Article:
How To

Five Tips for Choosing the Right Rod

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Clausen choosing a rod

When it comes to choosing the right rod there is a lot more to consider than simply reading the manufacturer’s label. What it really comes down to is understanding the bait, the size of the fish, the size and type of line you plan to use, and the cover and structure you will be fishing near.

I use Megabass rods which, in my opinion, are the best rods made. Aaron Martens, Shin Fukai, and I have worked with them extensively over the last few years to develop what I think are the best rods available. They aren’t the cheapest, but not everyone is looking for a cheap rod. If you want to fish the best rods made check out the Megabass Orochi XX rods and the Megabass Black Jungle rods.

Here are five quick tips to help you choose the right rod, no matter which brand you choose to use.

1. Targets

Are you making long casts or target casts? For long bomb casts a longer rod is generally the best option. Of course, the action will have some effect on the distance as well, but in general longer rods cast further. If you are fishing in close quarters, such as around docks under overhanging trees, then a shorter rod is a better option. For vertical fishing, the length of the rod won’t matter as much, but a longer rod (something over 7 feet) is my preference. For flipping a long rod, over 7 feet, 10 inches is my preference for improving the distance of the flip and accuracy of a pitch.

2. Bait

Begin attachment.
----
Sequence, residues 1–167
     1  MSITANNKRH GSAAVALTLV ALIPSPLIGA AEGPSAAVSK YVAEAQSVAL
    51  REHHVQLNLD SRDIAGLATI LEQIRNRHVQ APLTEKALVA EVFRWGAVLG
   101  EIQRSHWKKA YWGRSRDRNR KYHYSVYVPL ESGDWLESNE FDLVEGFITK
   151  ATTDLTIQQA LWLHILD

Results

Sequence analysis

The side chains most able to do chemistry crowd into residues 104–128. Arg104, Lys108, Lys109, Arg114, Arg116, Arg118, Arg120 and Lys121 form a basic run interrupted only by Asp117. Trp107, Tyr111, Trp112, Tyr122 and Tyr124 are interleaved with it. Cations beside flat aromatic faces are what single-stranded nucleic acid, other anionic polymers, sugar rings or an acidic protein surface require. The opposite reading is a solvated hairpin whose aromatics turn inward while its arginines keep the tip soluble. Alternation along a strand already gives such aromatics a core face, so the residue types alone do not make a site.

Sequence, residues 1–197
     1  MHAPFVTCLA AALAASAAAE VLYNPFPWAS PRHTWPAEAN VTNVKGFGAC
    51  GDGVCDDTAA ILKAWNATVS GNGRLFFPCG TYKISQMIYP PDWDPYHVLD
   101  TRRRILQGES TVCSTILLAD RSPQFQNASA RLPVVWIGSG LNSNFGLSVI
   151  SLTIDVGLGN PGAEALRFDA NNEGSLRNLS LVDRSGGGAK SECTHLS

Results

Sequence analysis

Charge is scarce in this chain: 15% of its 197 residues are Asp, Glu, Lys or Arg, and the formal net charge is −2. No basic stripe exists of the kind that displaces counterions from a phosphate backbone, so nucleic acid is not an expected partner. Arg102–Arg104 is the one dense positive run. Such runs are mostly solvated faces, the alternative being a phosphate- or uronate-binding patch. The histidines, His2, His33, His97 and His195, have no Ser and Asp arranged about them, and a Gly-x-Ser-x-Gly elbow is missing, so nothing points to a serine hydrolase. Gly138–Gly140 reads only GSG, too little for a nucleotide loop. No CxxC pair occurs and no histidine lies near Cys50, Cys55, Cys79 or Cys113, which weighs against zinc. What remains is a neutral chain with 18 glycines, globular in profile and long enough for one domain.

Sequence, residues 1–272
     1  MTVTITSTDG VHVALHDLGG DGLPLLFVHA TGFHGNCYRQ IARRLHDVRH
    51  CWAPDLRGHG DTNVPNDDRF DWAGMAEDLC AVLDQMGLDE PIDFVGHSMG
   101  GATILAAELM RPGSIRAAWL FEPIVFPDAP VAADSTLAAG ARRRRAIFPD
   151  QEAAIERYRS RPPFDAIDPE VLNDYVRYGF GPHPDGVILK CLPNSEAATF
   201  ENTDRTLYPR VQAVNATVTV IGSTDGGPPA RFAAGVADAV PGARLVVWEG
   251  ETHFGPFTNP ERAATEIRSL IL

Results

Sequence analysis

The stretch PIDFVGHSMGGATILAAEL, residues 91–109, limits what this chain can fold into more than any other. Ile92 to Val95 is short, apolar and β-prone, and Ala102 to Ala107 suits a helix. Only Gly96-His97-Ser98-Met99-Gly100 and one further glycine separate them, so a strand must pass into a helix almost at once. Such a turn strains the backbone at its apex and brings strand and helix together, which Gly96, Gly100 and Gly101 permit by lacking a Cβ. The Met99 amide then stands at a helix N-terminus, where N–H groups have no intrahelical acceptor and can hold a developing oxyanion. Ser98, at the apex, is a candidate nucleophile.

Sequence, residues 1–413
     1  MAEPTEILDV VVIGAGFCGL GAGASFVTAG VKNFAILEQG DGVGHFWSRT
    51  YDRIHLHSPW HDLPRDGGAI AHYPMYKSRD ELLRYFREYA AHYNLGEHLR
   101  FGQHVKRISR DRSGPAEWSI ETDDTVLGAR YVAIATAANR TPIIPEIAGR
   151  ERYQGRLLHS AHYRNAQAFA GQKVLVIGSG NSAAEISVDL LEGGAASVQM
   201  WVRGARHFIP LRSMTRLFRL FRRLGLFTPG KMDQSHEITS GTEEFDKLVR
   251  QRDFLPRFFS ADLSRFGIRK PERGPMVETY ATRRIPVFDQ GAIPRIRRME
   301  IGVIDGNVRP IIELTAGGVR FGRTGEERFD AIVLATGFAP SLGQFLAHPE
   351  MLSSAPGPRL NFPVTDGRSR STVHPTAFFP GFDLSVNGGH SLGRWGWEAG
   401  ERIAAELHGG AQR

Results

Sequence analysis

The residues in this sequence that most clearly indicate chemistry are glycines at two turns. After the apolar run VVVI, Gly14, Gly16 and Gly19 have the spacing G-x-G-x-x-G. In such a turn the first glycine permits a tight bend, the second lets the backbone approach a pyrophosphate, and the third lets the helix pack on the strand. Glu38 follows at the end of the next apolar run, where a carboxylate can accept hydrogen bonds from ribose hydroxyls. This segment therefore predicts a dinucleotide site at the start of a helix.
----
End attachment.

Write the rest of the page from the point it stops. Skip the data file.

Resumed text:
What type of bait are you throwing? If you are using a single hook bait like a jig, Carolina rig, or Texas Rig, then you’ll want something with a little more backbone to help get a good hookset. A good medium-heavy or heavy rod is usually the best option for these applications.

For treble-hooked baits like a rip bait or crankbait, you want something that has a little more give. A medium action or even medium-light might be a good choice for these applications.

3. Line

What size of line are you throwing? If you are using really light line, you’ll want to use a spinning rod and for heavier line a bait casting rod makes sense most of the time.

What kind of line are you using? If you are using a braided line, like my choice Tuff-Line XP, you’ll want to have a little more give in the rod. Braided line does not stretch, which makes a softer rod the right option. In comparison, if you are using monofilament or nylon line, a stiffer rod is the right choice because the line will stretch. For fluorocarbon, it depends on the stretch properties. Some of the best fluorocarbon on the market like Gamma Edge have very little stretch. Gamma Edge will fish a lot closer to how braid fishes than some of the other brands of fluorocarbon lines, which fish more like monofilament.

4. Conditions

What kind and how much structure and cover are you fishing around? The more structure and cover in the area you are fishing, the stiffer rod you want to have. When you get a good fish on the line you want to be able to get them out of the stuff. It doesn’t matter if it’s grass, wood, docks, or anything else–a stiffer rod will help you control the fish more than a softer rod. For open areas, rip rap banks, or deep ledges, a softer rod will do the job and allow you to play the fish a little more effectively.

5. Fish

How big are the fish you plan to catch? For lakes such as Clear Lake, Guntersville, Falcon, Okeechobee, and many other well-known big fish lakes a stiffer rod is generally the right option. However, for spotted bass lakes and lakes where the fish quality is smaller than the lakes mentioned, a softer rod can do the job quite well.

Choosing the right rod is far more complex than choosing them just reading the label and tying on a bait. By using one or a variety of these tips you should be able to select the right rod for the job and you’ll land more fish!

Image courtesy Luke Clausen

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